At this point we all seem to know that the promise of Big Data is tremendously exciting with its three V’s of volume, velocity, and variety. We know we should be “doing it”, even though we might not be sure where to start. We want to keep up with our competitors and extract the value that we know is locked inside our data. We believe–but we haven’t done anything about it yet, have we?
The problem lies in the marketing of Big Data and the assumption that Big Data mandates a new way of thinking that is a step change from where we have been. This is not a step change, we are simply allowing ourselves to get distracted from our desired destination.
What is more important than Big Data is insight. Great volumes and varieties of data do next to nothing on their own. We need the context to turn the data into an asset that can drive better understanding. Insight depends on the ability to tell the difference between the signal and the noise within the context of the system. A new insight can allow us to test conventional wisdom or test a new connection.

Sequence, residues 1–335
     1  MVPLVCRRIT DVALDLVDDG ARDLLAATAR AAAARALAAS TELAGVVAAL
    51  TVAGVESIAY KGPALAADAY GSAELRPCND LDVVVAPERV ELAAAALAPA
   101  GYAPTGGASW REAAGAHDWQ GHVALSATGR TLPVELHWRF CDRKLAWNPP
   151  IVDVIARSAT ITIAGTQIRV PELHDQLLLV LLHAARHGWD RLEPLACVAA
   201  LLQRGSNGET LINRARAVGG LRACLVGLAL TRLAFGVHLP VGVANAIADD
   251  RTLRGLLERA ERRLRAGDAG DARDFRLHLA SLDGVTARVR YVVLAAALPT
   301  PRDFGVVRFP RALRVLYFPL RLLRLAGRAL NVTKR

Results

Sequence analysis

More important than big data or insight is a small action. Data combined with context can become information that can lead to insight, but the value can only be realized when action is taken. Even if it is a small action.
The good news is we have been in the extraction and action game for many years. We have been building algorithms to better understand and explain the world around us for centuries. Our brains are the original big data engine. We know that context can increase when we integrate more data sources, more inputs, and more test trials to drive deeper insights to take an even more appropriate action.
We can advance our thinking, planning, and execution of big data related efforts when we shift our focus to insights and action instead of the distraction of the data itself, its size, or the transient limitations of our current infrastructure.
What are your thoughts, insights, and actions on this Big Data challenge? Please reach out to me at firstname.lastname@example.org. I welcome your feedback.
Categories: Thought Leadership